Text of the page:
WriteLog(“Script Start”)

    ‘ #############################################################################
    ‘ Get the model number
    ‘ #############################################################################

    strComputer = “.”

    ‘wscript.echo strComputer
    Set objWMIService = GetObject(“winmgmts:\\” & strComputer & “\root\cimv2″)
    Set colItems = objWMIService.ExecQuery(“Select * from Win32_ComputerSystem”,,48)
    For Each objItem in colItems
    ‘WScript.Echo “Model: ” & objItem.Model
    modelnumber = objItem.Model
    Next

    ‘ #############################################################################
    ‘ Check if the model number is Not to be updated add you models to exclude this script here
    ‘ #############################################################################

    ‘wscript.echo modelnumber

    if lcase(modelnumber) = lcase(“changeme”) or lcase(modelnumber) = lcase(“changeme2″) then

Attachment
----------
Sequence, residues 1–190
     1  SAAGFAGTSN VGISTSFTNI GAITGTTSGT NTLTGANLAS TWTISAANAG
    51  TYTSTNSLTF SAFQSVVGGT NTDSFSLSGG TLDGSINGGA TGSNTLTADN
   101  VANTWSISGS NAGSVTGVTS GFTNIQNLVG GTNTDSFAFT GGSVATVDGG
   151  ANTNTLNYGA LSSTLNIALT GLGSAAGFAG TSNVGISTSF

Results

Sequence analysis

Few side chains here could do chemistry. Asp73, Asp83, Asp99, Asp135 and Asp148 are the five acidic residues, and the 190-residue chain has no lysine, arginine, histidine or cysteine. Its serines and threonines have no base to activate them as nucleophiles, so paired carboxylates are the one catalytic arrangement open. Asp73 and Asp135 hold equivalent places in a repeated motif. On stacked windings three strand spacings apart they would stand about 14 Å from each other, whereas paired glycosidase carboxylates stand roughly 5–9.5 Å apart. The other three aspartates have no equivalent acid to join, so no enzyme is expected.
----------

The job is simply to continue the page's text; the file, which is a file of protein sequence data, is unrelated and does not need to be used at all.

WriteLog “Script quitting this model is not to be updated:” & modelnumber
    Wscript.quit
    else
    WriteLog “This model can be updated:” & modelnumber
    end if
    ‘ #############################################################################

    Dim oReg
    Set oReg=GetObject(“winmgmts:{impersonationLevel=impersonate}!\\.\root\default:StdRegProv”)

    Call FindRegKey(oReg, HKEY_LOCAL_MACHINE, “SYSTEM\CurrentControlSet\Enum”)

    Sub FindRegKey(oReg, Key, sSubkey)
    ‘ Deletes registry key and subkeys (permissions to delete keys must exist)
    ‘ Key: Tree that contains the sSubKey path
    ‘ (HKEY_CLASSES_ROOT, HKEY_CURRENT_USER, HKEY_LOCAL_MACHINE, HKEY_USERS or HKEY_CURRENT_CONFIG)
    ‘ sSubkey: Subkey to be deleted (Case-sensitive string)
    ‘ (Example: “SOFTWARE\System Admin Scripting Guide”)
    Dim aSubkeys, subkey
    oReg.EnumKey Key, sSubkey, aSubkeys
    If Not IsNull(aSubKeys) Then
    For Each subkey In aSubkeys
    Call FindRegKey(oReg, Key, sSubKey & “\” & subkey)
    Next
    End If
    ‘ Error trapping in case we can’t delete (no permissions)
    On Error Resume Next
    WriteLog “Check:” & sSubKey
    strKeyCheck = “HKEY_LOCAL_MACHINE\” & sSubKey & “\ConfigFlags”
    strRegEntry = objShell.RegRead(strKeyCheck)
    If strRegEntry “” Then
    WriteLog “Found value:” & strKeyCheck & “\” & strRegEntry